We dismantled cartels in Bolivia, Peru, and Colombia and patted ourselves on the back for the successes. What we were actually doing was eliminating the middlemen, the Bolivian and Peruvian cartels, and allowing the Mexican cartels to step in and deal directly with the growers. Now Mexican profits soared and their power and influence grew. Countries turned into war zones, destabilizing governments, causing numerous casualties, and giving cartels greater power and influence, making them virtual armies and governments.
I once attended a CN conference in the U.S. One guest speaker was a cartel money launderer who was cooperating with the DEA and was in the witness protection program. He said one thing that struck me and demonstrated the futility of the drug war. He described how cartels functioned like most businesses, but with some stark differences. The cartels made allowance for what some companies would categorize as spoilage or losses, in this case, drug seizures by U.S. authorities.
The problem was that cocaine and heroin were such profitable businesses that the U.S. would have to interdict 80 to 90 percent of the drugs coming into the U.S. before the cartels experienced a serious financial loss, i.e. go in the red. The U.S., at the time, was interdicting five percent. He commented that the big problem cartels faced was not U.S. CN efforts, despite what reports said, the real problem they were having was how to launder their money. They were making so much money that they couldn't process the profits fast enough. They tried real estate, ranches, but in the end, they had rooms stuffed with cash, they buried cash, they couldn't spend the money fast enough.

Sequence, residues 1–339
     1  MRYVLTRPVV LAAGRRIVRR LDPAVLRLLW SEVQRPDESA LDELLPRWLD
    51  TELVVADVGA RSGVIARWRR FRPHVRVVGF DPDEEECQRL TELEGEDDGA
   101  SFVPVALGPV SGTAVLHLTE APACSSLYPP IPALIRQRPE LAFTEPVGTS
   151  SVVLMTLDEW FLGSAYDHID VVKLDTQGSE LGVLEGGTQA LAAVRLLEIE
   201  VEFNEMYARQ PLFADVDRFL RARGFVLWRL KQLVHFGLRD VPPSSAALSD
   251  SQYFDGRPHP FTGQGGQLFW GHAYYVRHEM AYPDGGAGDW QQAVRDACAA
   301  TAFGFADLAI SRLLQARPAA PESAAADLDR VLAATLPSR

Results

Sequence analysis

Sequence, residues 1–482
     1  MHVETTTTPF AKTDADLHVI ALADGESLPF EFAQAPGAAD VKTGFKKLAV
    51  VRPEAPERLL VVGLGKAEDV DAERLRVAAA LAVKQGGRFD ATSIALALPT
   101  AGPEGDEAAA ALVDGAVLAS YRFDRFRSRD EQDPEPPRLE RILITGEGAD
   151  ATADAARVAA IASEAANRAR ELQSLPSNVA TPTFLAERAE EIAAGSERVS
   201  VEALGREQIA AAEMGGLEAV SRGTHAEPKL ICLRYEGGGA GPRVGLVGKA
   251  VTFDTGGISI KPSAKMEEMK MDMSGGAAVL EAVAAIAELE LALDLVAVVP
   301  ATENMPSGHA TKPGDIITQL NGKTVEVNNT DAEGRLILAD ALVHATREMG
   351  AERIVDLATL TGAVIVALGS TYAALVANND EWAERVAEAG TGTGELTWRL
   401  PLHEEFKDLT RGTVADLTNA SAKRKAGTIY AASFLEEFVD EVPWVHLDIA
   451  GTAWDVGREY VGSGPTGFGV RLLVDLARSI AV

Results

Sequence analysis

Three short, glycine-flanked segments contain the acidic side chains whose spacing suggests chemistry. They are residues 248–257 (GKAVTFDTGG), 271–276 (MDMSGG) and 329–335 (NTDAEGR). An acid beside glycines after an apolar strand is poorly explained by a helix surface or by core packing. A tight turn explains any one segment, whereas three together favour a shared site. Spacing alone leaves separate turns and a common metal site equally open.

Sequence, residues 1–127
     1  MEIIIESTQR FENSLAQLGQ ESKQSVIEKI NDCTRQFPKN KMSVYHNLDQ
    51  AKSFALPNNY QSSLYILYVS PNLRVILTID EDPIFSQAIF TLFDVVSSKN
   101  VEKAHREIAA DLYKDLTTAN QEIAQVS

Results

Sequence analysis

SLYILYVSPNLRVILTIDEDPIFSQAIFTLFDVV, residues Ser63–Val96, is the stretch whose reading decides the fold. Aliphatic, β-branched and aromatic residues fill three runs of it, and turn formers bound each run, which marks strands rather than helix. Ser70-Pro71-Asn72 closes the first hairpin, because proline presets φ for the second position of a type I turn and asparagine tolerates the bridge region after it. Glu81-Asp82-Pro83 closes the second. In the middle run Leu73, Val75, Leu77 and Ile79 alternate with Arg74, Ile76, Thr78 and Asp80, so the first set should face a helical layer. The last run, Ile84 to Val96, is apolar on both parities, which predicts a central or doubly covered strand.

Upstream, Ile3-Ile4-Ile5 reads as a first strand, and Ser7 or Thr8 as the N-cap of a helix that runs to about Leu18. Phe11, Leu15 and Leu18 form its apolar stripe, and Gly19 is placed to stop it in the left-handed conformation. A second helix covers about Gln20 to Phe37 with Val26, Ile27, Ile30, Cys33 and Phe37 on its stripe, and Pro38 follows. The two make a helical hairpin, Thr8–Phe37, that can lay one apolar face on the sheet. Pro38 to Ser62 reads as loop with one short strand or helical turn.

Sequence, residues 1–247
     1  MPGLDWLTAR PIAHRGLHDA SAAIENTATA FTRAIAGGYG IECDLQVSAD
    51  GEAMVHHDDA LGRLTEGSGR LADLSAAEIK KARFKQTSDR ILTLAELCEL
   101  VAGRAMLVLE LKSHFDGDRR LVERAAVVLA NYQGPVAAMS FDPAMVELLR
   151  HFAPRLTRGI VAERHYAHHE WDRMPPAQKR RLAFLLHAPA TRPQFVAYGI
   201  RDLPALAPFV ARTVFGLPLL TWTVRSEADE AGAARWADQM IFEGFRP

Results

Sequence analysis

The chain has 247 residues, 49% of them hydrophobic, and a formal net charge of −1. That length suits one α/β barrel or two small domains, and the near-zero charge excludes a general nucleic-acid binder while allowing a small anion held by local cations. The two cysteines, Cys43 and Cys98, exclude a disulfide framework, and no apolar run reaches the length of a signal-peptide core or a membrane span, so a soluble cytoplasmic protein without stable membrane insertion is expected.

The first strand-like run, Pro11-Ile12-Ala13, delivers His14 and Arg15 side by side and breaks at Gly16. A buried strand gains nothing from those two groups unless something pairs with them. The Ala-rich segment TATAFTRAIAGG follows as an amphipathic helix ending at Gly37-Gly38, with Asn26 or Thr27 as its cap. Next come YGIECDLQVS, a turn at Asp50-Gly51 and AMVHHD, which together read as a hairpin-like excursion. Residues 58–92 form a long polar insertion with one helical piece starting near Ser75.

Our problem has always been that we have not focussed as much on the U.S. demand as we have on foreign supply. We could not admit and accept that the bigger problem in the drug war was our consumption rather than the production. Don't get me wrong, production is a problem, but as long as there is a demand there will be people ready to fill that demand. It was always easier to blame "those people" for our problem rather than accept responsibility. It was always easier to shoot up and destroy some other country than it was to deal with the problem at home. Imagine if we had used part of the $51 billion a year to deal with our addiction? Dealing with the addiction was some type of admission of a failing on our part, that we were responsible for something wrong.
The War on Drugs has always had some dark components. We have always treated various aspects differently. We enforced our drug laws differently, a two-tier system depending on who you were. Look at the opioid crisis. U.S. companies pushed drugs knowing that they were highly addictive and dangerous. They did it solely for profit because several billion dollars in profit wasn't enough. They wanted more and more, regardless of who died. They conspired to push the drugs on unsuspecting Americans. Some will argue that it was perfectly legal, but it wasn't since the companies were found guilty of violating the law. However, even if legal, it is the pharmaceutical companies that write pharmaceutical legislation to benefit themselves and allow them to legally do things that are normally not legal. How did we react? Fines, which the companies can pay with the money they made from selling the opioids in the first place. Why weren't those responsible charged, tried, and sent to jail? Because we have two different justice systems. Just like the U.S banks that laundered — and probably continue to launder — drug money, they face a different justice system than most of us face.